Elliott Smith’s ROMAN CANDLE turns 20

July 13, 2014 § Leave a comment

Here’s my salon.com piece on Elliott Smith’s magnificent “Roman Candle” record, which turns 20 on July 14, 2014.  (LINK)f6afa535d54e5aeacb6eb51871feb30d

“Peaches and Me”

July 11, 2014 § Leave a comment

Here’s my piece on Peaches Geldof in the Spectator (LINK)Peaches_Geldof_zabily_jej_6441668 

I really adored her and miss her.

Torment Saint: The Life of Elliott Smith–OMNIBUS of links & reviews (UPDATED, 2/6/14)

October 22, 2013 § 9 Comments

I wanted to post something comprehensive, now that I have a day to myself.  What follows are links to articles, reviews, excerpts, and stories, all in rough chronological order.  I’ll update these every now and then, as new stuff comes in. (UPDATE:  Feb 6, 2014)

•LA Times Review HERE

•Rhett Miller review in Bookforum HERE

•”To Elliott, With Love.”  My essay on why and how I wrote Torment Saint HERE

•NME, one of top music books of 2013 HERE

•Buzzfeed, one of top music books of 2013 HERE

•Evening Standard (UK), music biography of the year HERE

•Oregonian story by Jeff Baker HERE

•Willamette Week cover story HERE

•My Huffington Post piece on Elliott’s poetics HERE

•My Bookish piece on why we can’t stop listening to Elliott HERE

•Interview with Alex Cohen of LA’s KPCC HERE

•LiveWire radio, episode 230 (at 16:30 mins).  I’m interviewed, I read from the book, plus “Between the Bars” HERE

•Podcast of my interview in Ireland with Nadine O’Regan HERE

•Interview with Paul Page, Ireland (Part I HERE; Part II HERE)

•Review, SunGazette HERE

•Review, the Patriot Ledger, MA HERE

•Radio review, RTE, Ireland HERE

•Feature story in The Independent (UK) HERE

•Me driving around Portland (video) pointing out Elliott landmarks HERE

•Mojo Magazine:  “Brilliant, raw fuel for Schultz to add carefully collated detail and song deconstruction to explore a man in harrowing free-fall toward his 2003 suicide” (4 stars)

•Vanity Fair Magazine, “Hot Type” pick:  “Elliott Smith gets the wake song he deserves in Torment Saint”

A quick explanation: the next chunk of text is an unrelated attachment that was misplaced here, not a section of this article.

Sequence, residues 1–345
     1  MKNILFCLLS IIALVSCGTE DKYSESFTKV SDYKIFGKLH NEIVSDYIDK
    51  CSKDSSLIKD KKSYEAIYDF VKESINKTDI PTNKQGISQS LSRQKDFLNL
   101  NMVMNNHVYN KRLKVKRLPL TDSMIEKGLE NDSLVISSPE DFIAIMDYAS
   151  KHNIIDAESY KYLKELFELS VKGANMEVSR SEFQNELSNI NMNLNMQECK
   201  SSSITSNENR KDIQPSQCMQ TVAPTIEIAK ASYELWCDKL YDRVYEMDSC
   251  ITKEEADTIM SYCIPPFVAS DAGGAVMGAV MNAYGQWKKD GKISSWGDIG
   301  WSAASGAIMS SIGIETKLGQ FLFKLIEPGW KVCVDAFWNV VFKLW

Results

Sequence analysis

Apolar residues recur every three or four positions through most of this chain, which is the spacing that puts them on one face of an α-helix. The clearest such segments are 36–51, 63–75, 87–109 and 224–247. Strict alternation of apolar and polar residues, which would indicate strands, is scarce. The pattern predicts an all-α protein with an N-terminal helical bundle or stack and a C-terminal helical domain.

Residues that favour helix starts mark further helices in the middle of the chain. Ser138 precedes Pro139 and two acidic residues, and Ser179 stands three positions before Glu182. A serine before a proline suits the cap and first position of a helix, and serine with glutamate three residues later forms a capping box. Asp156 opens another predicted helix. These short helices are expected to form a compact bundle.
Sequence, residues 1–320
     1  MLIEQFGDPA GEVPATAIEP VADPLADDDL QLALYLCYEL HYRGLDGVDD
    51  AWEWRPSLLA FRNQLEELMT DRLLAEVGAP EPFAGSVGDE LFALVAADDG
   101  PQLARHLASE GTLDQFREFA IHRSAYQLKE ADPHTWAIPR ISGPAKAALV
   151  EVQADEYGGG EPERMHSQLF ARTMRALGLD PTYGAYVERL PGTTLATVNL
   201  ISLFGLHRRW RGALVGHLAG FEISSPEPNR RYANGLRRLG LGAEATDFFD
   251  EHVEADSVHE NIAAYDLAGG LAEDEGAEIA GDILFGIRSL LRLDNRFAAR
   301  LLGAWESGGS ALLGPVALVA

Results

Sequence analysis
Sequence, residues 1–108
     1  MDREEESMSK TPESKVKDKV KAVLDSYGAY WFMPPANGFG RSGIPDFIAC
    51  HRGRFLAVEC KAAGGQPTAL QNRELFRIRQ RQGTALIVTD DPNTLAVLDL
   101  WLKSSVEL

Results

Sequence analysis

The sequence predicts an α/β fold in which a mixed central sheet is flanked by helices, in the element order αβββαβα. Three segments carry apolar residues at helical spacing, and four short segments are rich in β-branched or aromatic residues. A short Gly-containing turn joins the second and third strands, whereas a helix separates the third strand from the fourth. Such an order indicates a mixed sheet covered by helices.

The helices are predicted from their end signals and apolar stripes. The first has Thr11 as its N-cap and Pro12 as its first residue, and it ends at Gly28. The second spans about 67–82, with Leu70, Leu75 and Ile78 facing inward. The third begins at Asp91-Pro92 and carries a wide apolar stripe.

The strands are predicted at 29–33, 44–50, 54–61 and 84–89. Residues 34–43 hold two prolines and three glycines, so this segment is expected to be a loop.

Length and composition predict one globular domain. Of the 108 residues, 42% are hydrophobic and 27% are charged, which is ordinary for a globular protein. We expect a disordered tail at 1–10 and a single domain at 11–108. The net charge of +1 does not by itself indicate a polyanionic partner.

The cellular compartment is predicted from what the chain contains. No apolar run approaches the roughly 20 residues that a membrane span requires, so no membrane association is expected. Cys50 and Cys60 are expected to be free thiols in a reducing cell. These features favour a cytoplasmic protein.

•Caught in Carousel review by Paul Gleason HERE

•Totally Dublin, story/review HERE

•Review in The Examiner HERE

•Review in Paste Magazine HERE

•Review, Record Collector Magazine (4 stars) HERE

•Review, Slug Magazine HERE

•Review, Rain Taxi HERE

•Review, Eugene Weekly HERE

•Interview at rockfeedback HERE

•Publisher’s Weekly, starred review HERE

•Long excerpt from the book at Slate HERE

•Another excerpt at Port Magazine HERE

•Article and interview at “don’t forget the songs” HERE

Thanks to all who have read the book and written to express their congratulations.  It’s so gratifying to put your life into something and hear that people find it compelling.  Most of all, it is a testament to Elliott and the enormous appeal of his spectacular music.  (photo below by the talented Marina Chavez)

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More TORMENT SAINT stuff

October 22, 2013 § Leave a comment

It’s been a busy day.  Several new links related to Elliott and Torment Saint.

•My radio interview with Alex Cohen of LA’s KPCC HERE

•Book excerpt at Slate HERE 

•A nice blog post on “King’s Crossing,” plus five questions with AE Cepeda HERE

And thank you Elliott.  For everything.  I’m still listening.

Powell’s Book Event, TORMENT SAINT

October 8, 2013 § Leave a comment

Spectacular book launch on Sunday, Oct. 6.  Thanks to all who came for the love and well wishes!  Here I am for the Q&A with dear friend JJ Gonson.Image

Torment Saint, Elliott Smith bio–New Stuff

October 2, 2013 § 2 Comments

The book was released yesterday.  Trying to keep up with developments.  Here’s some new stuff to check out:

•My Huffington Post piece on Elliott’s poetics HERE

•My Bookish piece on why we can’t stop listening to Elliott HERE

•New Oregonian piece by Jeff Baker HERE

Library Journal Review, TORMENT SAINT

September 15, 2013 § Leave a comment

I cop to the genius effusions.  But it’s what I believe!

“Smith’s violent death in 2003 cemented the still-enduring popular concept of the tortured artist and Smith as one who crafted songs of intense self-reflection and beauty. Here Schultz (An Emergency in Slow Motion: The Inner Life of Diane Arbus) provides plenty of details about Smith’s downfall but also seeks to show a fuller picture by exploring his upbringing in Texas, intellectual influences, and development as a songwriter. Schultz isn’t shy about labeling Smith as a genius, and, as a result, is at times overly florid and effusive in praise. Yet he remains persuasive in describing how Smith’s sensitivity, honesty, and artistic drive had an uncommon effect upon those around him, even as he battled with drug addiction and memories of emotional abuse that occurred when he was a child. Even better is Schultz’s analysis of Smith’s lyrics and music, which establishes common threads and exposes surprises across the songwriter’s body of work. The result is an admirably well-written biography with much to offer.” 

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